Open markets, like team sports, need a referee. Deregulation does not mean an open free for all, lack of transparency and executive hubris. In fact, under the Bush administration, by appointing like-minded club members to the Cheney doctrine of excessive secrecy, people like Harvey Pitt at the Securities and Exchange Commission (SEC) signalled to Wall Street and Corporate America that a kinder and gentler SEC would look the other way at a series of dubious accounting practices, opaque financial engineering and transferring private risk to the taxpayer public. Today’s crisis stems from these mistakes a decade ago.

Gradually, Wall Street and corporate America were gathering a firestorm of debt, leveraged assets (including private homes) and corporate liabilities. Much is made of the housing bubble in key cities, but Detroit’s car companies were following similar practices: no down payment, interest-free loans for three years, even if the buyer didn’t hold a job. Across the board, companies could conceal real losses, American banks could use off-balance sheet techniques and the White House could appeal to patriotism because the US was fighting two foreign wars.

It simply couldn’t last. At the macro level, America’s triple deficits — in government deficits, in the trade account and in energy imports — required overseas money to finance rising US debt. China, India and, most importantly, Japan could play along if interest rates remained low, and inflation was stable. But here was the rub: at the micro level, the US financial system had to be able to maintain the financial flow of over-leveraged assets. Slowly, but at a quickening pace, falling house prices — where personal equity fell below asset prices — exposed Wall Street’s huge risk profile. Executive hubris at all levels, starting in the White House, but extending to Wall Street and to too many foreign central banks (including the Bank of England), disguised the extent of the over-leveraged assets of government, corporations and consumers. The US economy has become part credit card, part casino capitalism, far removed from the real economy of autonomous competitive firms.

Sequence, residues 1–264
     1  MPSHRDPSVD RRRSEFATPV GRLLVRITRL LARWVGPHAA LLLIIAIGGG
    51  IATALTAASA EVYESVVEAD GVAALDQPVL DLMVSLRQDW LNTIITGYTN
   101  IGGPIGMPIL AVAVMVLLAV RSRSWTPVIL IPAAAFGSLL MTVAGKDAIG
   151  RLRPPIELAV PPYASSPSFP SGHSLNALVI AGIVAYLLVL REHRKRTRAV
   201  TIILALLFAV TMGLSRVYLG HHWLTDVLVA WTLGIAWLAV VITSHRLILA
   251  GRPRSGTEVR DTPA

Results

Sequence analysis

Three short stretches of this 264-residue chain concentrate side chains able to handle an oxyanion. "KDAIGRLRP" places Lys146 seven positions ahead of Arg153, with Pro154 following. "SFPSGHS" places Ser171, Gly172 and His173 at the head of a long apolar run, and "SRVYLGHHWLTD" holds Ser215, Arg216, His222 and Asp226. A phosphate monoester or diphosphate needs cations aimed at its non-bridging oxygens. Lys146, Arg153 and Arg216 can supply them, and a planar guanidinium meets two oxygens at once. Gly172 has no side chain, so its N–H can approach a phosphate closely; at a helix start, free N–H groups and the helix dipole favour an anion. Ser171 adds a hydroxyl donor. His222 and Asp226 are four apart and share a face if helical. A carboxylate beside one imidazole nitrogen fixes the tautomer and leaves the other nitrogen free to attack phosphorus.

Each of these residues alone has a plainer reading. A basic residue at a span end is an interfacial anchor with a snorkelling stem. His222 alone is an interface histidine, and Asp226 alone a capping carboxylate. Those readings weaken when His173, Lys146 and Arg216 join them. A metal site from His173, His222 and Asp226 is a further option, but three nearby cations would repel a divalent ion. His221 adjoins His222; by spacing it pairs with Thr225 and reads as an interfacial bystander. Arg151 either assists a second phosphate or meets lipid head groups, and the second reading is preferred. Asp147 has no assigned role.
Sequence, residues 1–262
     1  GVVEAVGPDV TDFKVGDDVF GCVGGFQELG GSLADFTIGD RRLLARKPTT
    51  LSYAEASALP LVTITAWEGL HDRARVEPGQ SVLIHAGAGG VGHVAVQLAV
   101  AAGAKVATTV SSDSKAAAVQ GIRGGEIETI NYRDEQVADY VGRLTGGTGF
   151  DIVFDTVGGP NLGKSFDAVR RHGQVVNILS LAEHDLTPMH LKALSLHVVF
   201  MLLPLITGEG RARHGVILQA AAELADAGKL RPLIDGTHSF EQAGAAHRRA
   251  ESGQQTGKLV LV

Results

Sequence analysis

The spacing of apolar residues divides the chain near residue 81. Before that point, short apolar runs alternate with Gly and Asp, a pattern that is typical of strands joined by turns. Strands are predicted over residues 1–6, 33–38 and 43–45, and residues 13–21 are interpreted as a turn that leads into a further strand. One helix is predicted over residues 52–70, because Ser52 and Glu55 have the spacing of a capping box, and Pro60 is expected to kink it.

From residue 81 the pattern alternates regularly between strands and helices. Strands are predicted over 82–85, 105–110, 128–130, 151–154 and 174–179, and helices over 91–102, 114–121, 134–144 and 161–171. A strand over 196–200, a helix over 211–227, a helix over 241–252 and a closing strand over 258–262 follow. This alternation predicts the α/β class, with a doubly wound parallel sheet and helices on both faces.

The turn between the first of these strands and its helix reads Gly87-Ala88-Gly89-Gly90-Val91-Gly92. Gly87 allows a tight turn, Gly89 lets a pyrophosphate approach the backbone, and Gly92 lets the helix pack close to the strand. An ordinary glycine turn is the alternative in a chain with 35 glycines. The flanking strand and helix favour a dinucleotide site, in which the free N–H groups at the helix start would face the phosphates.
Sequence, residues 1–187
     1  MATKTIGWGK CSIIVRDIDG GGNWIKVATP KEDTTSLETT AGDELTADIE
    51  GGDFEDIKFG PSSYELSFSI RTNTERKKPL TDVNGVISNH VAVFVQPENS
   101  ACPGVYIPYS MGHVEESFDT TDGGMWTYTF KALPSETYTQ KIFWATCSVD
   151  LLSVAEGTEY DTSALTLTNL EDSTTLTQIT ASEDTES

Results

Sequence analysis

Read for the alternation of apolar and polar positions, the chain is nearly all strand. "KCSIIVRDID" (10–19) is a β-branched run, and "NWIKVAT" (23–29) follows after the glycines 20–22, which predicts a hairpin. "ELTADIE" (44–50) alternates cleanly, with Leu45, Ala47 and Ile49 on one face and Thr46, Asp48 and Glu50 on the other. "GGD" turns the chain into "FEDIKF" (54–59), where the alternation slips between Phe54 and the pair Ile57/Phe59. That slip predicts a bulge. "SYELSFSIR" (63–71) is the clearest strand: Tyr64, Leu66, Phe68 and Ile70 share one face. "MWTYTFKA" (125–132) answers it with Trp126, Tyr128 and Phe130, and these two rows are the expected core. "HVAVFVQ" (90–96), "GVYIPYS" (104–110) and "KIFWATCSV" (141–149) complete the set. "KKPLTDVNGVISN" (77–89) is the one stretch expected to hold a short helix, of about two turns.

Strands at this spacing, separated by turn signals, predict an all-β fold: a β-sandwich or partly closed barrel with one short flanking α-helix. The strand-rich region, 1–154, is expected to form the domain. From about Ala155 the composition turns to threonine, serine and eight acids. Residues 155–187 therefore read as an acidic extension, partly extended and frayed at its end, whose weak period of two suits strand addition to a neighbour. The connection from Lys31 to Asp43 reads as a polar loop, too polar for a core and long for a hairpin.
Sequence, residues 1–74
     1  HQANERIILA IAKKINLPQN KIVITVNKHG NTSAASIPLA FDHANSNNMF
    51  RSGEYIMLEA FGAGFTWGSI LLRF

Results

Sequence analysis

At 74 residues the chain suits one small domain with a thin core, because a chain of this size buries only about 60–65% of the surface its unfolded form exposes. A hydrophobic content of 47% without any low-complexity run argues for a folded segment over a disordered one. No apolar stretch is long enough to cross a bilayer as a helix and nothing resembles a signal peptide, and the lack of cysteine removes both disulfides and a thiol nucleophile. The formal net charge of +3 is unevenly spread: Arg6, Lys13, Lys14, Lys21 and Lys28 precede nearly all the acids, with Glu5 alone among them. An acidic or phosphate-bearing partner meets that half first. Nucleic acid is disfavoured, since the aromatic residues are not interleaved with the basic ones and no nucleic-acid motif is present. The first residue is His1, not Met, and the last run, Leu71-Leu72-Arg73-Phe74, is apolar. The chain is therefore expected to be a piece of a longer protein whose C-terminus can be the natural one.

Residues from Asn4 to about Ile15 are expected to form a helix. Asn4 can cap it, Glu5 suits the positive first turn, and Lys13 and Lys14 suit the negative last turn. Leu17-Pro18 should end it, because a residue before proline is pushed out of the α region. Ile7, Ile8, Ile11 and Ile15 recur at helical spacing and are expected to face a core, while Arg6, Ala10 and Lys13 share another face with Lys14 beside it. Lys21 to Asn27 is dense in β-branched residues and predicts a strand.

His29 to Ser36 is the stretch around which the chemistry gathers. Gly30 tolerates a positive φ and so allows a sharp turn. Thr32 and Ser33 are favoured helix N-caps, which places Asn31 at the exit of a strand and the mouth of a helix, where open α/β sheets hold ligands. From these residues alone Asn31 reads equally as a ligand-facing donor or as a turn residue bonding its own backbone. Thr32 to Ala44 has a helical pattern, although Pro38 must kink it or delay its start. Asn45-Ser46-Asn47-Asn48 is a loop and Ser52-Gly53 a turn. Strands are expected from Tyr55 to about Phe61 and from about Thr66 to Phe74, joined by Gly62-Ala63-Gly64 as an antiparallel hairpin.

The huge bailout of Wall Street forced the Federal Reserve and the US Treasury to raise trillions in new loans, and Wall Street banks went cap in hand to foreign money markets to recapitalize their balance sheets. Today there are enormous differences between countries with huge cash balances (much of Asia and the Gulf countries) and high debt countries (much of Europe, Canada and South America). Greece and Italy are the symptoms of these massive financial imbalances, and only policy coordination at the highest level, but especially the G20, can cope with this crisis.

Unlike the situation only a generation ago, the United States is intimately linked to the economies of both the advanced world and the developed world, not just through trade and investment (the core components of an Apple iPod or a Boeing jet come from many countries, including Canada), and US banks and financial institutions are linked to foreign financial institutions through ownership, shared loans and liabilities, and customers. Slogans like “Too big to fail” really mean that failure through insolvency or a bank run can bring down the entire system — precisely what happened in New York in 2008 or what might happen in Europe too soon to make policy-makers have sleepless nights.